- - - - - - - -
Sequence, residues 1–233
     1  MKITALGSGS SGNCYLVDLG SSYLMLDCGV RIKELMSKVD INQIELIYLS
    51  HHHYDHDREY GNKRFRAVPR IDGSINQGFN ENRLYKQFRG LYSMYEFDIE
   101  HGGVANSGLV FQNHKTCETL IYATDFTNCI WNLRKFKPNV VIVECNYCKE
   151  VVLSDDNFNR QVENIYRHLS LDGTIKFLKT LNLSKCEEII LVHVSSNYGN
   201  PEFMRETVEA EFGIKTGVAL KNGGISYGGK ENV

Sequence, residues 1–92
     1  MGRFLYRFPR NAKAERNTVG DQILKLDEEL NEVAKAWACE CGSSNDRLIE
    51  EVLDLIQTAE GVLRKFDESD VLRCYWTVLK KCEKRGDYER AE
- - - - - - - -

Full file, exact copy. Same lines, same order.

Sequence, residues 1–233
     1  MKITALGSGS SGNCYLVDLG SSYLMLDCGV RIKELMSKVD INQIELIYLS
    51  HHHYDHDREY GNKRFRAVPR IDGSINQGFN ENRLYKQFRG LYSMYEFDIE
   101  HGGVANSGLV FQNHKTCETL IYATDFTNCI WNLRKFKPNV VIVECNYCKE
   151  VVLSDDNFNR QVENIYRHLS LDGTIKFLKT LNLSKCEEII LVHVSSNYGN
   201  PEFMRETVEA EFGIKTGVAL KNGGISYGGK ENV

Sequence, residues 1–92
     1  MGRFLYRFPR NAKAERNTVG DQILKLDEEL NEVAKAWACE CGSSNDRLIE
    51  EVLDLIQTAE GVLRKFDESD VLRCYWTVLK KCEKRGDYER AE